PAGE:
Latinos in U.S Sport: A History of Isolation, Cultural Identity, and Acceptance
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About the Author
Jorge Iber, PhD, is associate dean of the College of Arts and Sciences and professor of history at Texas Tech University in Lubbock, Texas. Over the past decade, Iber has specialized in the history of U.S. sport, with particular focus on the history of Mexican American athletes in Texas. He has published and edited several books and written articles on Latinos and sport for journals such as International Journal of the History of Sport, Journal of the West, and Southwestern Historical Quarterly. Iber also served as guest editor of an issue of International Journal of the History of Sport that focused on the topic of Latinos in U.S. sport history. He is a member of the North American Society for Sport History (NASSH) and other professional historical organizations.
Iber and his wife, Raquel, reside in Lubbock, Texas.
Samuel O. Regalado, PhD, is a professor of history at California State University, Stanislaus, in Turlock, California. He instigated the study of Latino participation in United States sports with his book Viva Baseball!: Latin Major Leaguers andTheir Special Hunger, and he coedited the anthology Mexican Americans and Sports: A Reader on Athletics and BarrioLife. Regalado also authored articles on ethnicity and sport in several journals and was a 1994 Smithsonian fellow. His documentary film appearances include the award-winning Roberto Clemente, which aired on the PBS American Experience series. His current manuscript looks at the history of Japanese American baseball and their community.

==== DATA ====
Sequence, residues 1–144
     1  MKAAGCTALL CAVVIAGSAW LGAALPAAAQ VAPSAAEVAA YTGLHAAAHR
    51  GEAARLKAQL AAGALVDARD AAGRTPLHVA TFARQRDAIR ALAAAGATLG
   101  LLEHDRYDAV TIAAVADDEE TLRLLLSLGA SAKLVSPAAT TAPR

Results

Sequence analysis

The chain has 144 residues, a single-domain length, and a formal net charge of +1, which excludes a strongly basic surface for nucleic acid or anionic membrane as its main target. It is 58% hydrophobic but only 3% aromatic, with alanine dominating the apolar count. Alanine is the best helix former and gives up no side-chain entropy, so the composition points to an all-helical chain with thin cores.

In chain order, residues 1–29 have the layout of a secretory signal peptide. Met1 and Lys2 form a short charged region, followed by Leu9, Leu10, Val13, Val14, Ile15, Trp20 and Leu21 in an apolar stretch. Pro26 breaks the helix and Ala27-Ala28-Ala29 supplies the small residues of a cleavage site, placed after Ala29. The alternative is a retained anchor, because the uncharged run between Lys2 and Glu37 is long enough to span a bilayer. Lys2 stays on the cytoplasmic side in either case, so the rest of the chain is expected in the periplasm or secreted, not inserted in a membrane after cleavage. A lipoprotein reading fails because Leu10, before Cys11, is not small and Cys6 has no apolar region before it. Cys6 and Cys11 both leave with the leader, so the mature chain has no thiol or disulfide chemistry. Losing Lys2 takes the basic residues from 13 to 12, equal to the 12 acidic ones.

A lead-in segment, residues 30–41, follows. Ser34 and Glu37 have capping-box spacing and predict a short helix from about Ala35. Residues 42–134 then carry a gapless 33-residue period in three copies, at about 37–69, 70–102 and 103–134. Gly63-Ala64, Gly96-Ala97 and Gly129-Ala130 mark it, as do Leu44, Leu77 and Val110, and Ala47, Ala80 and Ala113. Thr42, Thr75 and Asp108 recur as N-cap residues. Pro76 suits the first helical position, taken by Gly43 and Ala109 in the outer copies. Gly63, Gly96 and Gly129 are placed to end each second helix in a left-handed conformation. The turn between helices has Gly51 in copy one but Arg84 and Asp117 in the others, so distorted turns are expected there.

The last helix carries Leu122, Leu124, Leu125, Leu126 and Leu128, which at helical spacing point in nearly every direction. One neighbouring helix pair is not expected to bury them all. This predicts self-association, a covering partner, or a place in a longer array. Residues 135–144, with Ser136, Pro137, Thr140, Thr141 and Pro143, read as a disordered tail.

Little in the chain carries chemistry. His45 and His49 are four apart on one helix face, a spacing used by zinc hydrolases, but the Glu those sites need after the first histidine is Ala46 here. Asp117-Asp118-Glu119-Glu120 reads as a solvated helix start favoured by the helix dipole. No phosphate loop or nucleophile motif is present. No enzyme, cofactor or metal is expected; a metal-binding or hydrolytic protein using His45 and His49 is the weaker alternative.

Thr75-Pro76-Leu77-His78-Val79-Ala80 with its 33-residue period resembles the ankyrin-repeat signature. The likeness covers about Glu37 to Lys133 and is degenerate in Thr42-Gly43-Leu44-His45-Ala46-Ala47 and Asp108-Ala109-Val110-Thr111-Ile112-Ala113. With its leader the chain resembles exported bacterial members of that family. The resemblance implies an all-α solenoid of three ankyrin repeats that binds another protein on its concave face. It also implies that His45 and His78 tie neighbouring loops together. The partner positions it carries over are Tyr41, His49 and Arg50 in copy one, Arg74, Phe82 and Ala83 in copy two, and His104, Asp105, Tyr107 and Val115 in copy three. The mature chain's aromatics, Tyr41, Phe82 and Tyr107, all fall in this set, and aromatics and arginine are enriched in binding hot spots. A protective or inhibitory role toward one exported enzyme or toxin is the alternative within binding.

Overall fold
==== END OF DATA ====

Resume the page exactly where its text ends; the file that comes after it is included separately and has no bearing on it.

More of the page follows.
Regalado lives in Turlock, California.
José M. Alamillo, PhD, is an associate professor and coordinator of the Chicana/o studies program at California State University Channel Islands in Camarillo, California. He teaches courses on Chicana/o-Latina/o studies, labor and immigration, and race and gender relations in U.S. sport. Alamillo has written Making Lemonade out of Lemons: MexicanAmerican Labor and Leisure in a California Town, 1900-1960. His current book project is Playing Across Borders: TheRise of Transnational Sports in Greater Mexico. Alamillo is faculty advisor to the Latino Baseball History Project and the Studio for Southern California History.
Alamillo resides with his wife, Leilani, and three kids in Newbury Park, California, where he enjoys playing tennis.
Arnoldo De León, PhD, is a professor in the department of history at Angelo State University in San Angelo, Texas. De León specializes in the study of Mexican American history and has authored numerous scholarly works on this subject. In 1988, De León was awarded an endowed professorship in history from Angelo State University. He was awarded the title of fellow of the Texas State Historical Association in 1987.
De León lives in San Angelo, Texas, with his wife, Dolores.